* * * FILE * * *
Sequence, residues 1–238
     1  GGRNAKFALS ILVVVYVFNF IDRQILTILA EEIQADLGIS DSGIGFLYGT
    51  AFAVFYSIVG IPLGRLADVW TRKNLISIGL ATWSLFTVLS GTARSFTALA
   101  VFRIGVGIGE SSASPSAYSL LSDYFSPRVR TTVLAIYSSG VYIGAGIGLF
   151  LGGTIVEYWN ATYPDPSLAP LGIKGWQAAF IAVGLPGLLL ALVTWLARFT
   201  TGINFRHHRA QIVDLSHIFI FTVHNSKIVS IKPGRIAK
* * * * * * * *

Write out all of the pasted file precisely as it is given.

Sequence, residues 1–238
     1  GGRNAKFALS ILVVVYVFNF IDRQILTILA EEIQADLGIS DSGIGFLYGT
    51  AFAVFYSIVG IPLGRLADVW TRKNLISIGL ATWSLFTVLS GTARSFTALA
   101  VFRIGVGIGE SSASPSAYSL LSDYFSPRVR TTVLAIYSSG VYIGAGIGLF
   151  LGGTIVEYWN ATYPDPSLAP LGIKGWQAAF IAVGLPGLLL ALVTWLARFT
   201  TGINFRHHRA QIVDLSHIFI FTVHNSKIVS IKPGRIAK